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What is the Scope Triangle?
The Scope Triangle is a graphical representation of the 3 main factors affecting the scope of a project, displayed in the form of a triangle. These 3 factors are
Here “Quality" refers to the fitness for use or the fitness for its designed purpose of the software. “Cost" refers to the resources available (budget, people etc) & “Time" refers to the time available to complete the project. These factors affect all projects and the interrelationship is depicted in the picture above. Thus while defining the project scope, the interactions of these factors need to be kept in mind.
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How does each factor affect the scope of the Project?
In an ideal scenario, the project manager has unlimited time and resources (Cost) to complete the project. He/she will be able to deliver a very high quality project under such circumstances. However in the real world of project quality management, this is rarely the case and at least one of these three factors is fixed for any project.
If any one factor is fixed, it causes strain on the other factors. i.e.
If the “Time" is fixed, then the quality of the project decreases and the cost increases. If however, with time being fixed, the quality of the project has to be increased, then the cost increases exponentially. Hence in order to reduce cost, some of the additional functionality of the project is eliminated.
If the “Cost" is fixed in terms of budget and resources, then a higher quality project takes more time, while lesser time means the quality of the project in terms of functionality will be reduced.
If the “Quality" of the project is fixed, then as the Time decreases, the cost of the project (money and people) required to complete the project successfullly increases and vice versa.
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What is Scope Creep and how does it affect projects?
“Scope Creep" refers to the natural proclivity of the project to accumulate additional requirements as the project progress. When many teams/people are working on the same project, as it goes through different stages/teams, additional requirements get added on at every stage by the people involved. Further, sometimes the project planning is done keeping the major requirements in mind, and the clients add additional minor requirements without changing the plan accordingly. This tendency of a project to gather additional requirements is known as "scope creep".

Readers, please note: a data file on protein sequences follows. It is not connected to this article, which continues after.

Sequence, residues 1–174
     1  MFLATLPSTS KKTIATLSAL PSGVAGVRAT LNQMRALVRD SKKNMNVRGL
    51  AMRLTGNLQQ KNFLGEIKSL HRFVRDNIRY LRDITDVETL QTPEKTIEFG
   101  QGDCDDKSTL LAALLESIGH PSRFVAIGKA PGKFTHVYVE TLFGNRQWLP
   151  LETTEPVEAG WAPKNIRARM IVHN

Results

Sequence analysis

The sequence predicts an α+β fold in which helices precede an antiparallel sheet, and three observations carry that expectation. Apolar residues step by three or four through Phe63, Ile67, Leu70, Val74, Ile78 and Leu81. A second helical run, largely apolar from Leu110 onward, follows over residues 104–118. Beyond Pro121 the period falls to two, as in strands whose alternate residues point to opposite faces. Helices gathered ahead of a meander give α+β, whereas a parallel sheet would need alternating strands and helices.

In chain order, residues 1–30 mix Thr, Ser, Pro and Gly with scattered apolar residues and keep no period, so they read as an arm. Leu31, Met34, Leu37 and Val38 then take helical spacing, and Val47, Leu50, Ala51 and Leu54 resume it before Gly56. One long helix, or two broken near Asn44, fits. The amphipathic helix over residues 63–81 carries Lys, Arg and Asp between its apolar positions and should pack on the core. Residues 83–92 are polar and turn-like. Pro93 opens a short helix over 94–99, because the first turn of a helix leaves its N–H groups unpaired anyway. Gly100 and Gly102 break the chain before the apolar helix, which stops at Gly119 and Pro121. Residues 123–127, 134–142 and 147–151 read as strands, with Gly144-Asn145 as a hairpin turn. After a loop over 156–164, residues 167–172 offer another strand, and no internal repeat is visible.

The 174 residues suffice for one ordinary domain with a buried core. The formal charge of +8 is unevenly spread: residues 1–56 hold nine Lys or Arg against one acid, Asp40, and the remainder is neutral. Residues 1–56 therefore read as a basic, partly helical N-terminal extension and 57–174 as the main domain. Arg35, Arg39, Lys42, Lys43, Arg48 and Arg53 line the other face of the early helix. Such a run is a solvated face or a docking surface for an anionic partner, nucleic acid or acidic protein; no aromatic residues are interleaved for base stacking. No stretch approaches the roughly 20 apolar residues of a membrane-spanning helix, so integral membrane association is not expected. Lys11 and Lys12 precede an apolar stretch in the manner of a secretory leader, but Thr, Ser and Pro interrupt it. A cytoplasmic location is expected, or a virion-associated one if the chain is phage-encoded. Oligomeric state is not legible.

This is an example of how clients raise the scope and go against the triple constraint (scope triangle).
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Implications of the Scope Triangle and Scope Creep for Project Managers
The project manager has to keep a check on Scope Creep while being bound by the scope triangle. This is where the decision-making ability of a project manager comes into play. A poor manager will feel restricted and limited by the scope triangle. A better project manager will try and utilize a different factor within the scope triangle to improve the project performance. The best project managers will juggle all three factors simultaneously and arrive at the optimum solution.
A more-detailed technical explanation of Working with Project Constraints is found here.
Thus the scope triangle in project quality management can be utilized in defining the project scope.